Southern Water is set to pay out nearly £30m

A water utility has had to pay its customers nearly £30million over its poor performance.

Southern Water has not met its 2021-22 targets for water treatment, incident pollution and internal sewer flooding.

The company must now cut customer bills by £28.3m after it “fell short” in water regulator Ofwat’s last annual report.

Alongside Thames Water, it is one of the country’s worst water and sanitation providers.

Southern Water to pay millions after missing targets set by Ofwat Pictured is Southern Water CEO Lawrence GosdenWest Beach in Lancing last December

Ofwat Chief Executive David Black said: “When it comes to delivering for their customers, too many water companies fall short and we are asking them to give their customers around £150m back.

“We expect companies to improve their performance each year, where they don’t we will hold them accountable.

“The worst providers, Southern Water and Thames Water, have to pay their customers almost £80m back. All water companies need to regain customer and public confidence and we will continue to challenge the sector to improve.”

Thames Water has to pay its customers £51m.

The reimbursement will affect customer bills in 2023/24.

Southern Water to pay millions after missing targets set by Ofwat Pictured is Southern Water CEO Lawrence GosdenTesting of coastal rivers for sewage

Southern Water is among the worst performers of any company in the UK in 12 categories set by Ofwat in a 2020/21 report.

It was rated “worse than target” for every category except one, its performance during unplanned outages.

Categories include customer satisfaction, water quality, pipe repairs, pollution incidents and sewer bursts.

Southern Water and Thames Water remain at the bottom of the customer experience list for 2021/22.

Southern Water to pay millions after missing targets set by Ofwat Pictured is Southern Water CEO Lawrence GosdenSeaford bathing areas pictured have been affected by sewage releases

A spokeswoman for Southern Water said: “As set out in our annual report, we recognize that Southern Water has not always lived up to expectations over the past few years, but is now positioned to bring about meaningful change for our customers and the environment.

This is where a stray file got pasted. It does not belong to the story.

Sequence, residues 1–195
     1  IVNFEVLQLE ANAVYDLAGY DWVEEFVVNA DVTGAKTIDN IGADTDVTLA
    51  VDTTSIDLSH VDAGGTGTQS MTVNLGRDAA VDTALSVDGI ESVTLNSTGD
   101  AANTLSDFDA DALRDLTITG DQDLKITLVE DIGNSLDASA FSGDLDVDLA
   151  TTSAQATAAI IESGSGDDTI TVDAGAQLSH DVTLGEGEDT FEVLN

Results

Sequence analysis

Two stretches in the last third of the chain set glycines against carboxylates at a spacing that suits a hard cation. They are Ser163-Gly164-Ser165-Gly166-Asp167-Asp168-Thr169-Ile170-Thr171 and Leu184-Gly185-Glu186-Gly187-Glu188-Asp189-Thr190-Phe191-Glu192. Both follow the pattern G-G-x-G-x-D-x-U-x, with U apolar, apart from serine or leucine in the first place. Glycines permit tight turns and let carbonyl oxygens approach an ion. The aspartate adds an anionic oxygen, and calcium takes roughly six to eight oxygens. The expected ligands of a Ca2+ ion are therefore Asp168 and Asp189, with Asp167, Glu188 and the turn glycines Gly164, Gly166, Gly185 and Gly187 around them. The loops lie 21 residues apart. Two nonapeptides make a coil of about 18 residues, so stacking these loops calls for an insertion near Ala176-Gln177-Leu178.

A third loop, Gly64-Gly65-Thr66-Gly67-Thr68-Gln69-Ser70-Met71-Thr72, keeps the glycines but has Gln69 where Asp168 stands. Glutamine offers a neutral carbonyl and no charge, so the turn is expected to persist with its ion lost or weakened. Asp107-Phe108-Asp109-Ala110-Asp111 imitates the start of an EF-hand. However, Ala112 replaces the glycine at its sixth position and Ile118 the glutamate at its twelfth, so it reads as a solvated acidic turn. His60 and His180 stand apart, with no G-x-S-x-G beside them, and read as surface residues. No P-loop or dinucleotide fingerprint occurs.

“This includes investing £2 billion (about £1,000 per household) between 2020-25, more than our legally allowed amount, to significantly improve our performance.

“We are on track to reduce pollution by 40 per cent compared to 2021, with work still to be done to maintain this by the end of the year, and we are also industry leaders in self-reporting.

“We know that leakage is a priority for the water industry and Southern Water is no different. Our network is large and complex, encompassing 13,870km of water mains, and this presents many challenges when it comes to finding and fixing leaks.

Southern Water to pay millions after missing targets set by Ofwat Pictured is Southern Water CEO Lawrence GosdenSouthern Water CEO Lawrence Gosden was appointed on July 1 of this year. Image of Southern Water

“We fixed 22,000 leaks in our region last year and we are making huge investments and changes in the way we deal with them and have set a target to reduce leaks by 15 percent by 2025, by 40 percent by 2040 and to be reduced by 50 percent by 2050.

“Our teams work seven days a week to find and fix leaks. We have increased our leak team so we can respond to leaks quickly, and we are investing more in new technology to find and fix leaks in our network.”

Figures from the Environment Agency on southern water pollution show it recorded 381 minor incidents in 2021, compared to 423 in 2019.

It also had three serious incidents in 2021, ones causing “prolonged impacts on the environment, people or property” – compared to none in 2020 and three the year before.

Southern Water to pay millions after missing targets set by Ofwat Pictured is Southern Water CEO Lawrence GosdenWest Beach in Lancing, where burst pipes have repeatedly occurred

It has self-reported 90 percent of its leaks.

Southern Water has come under fire over continuous leaks in the same section of pipe in Lancing’s West Beach area.

People have also slammed the water company’s move to change how alerts are displayed on its Beachbuoy app as a “cynical attempt” to attract less negative publicity.

Last year, Southern Water was fined £90million by the government after dumping billions of liters of raw sewage into the sea. The company admitted 6,971 illegal spills between 2010 and 2015.

South East Water has to pay its customers £3.2million.

https://www.theargus.co.uk/news/23016522.southern-water-told-pay-almost-30-million/?ref=rss Southern Water is set to pay out nearly £30m

Fry Electronics Team

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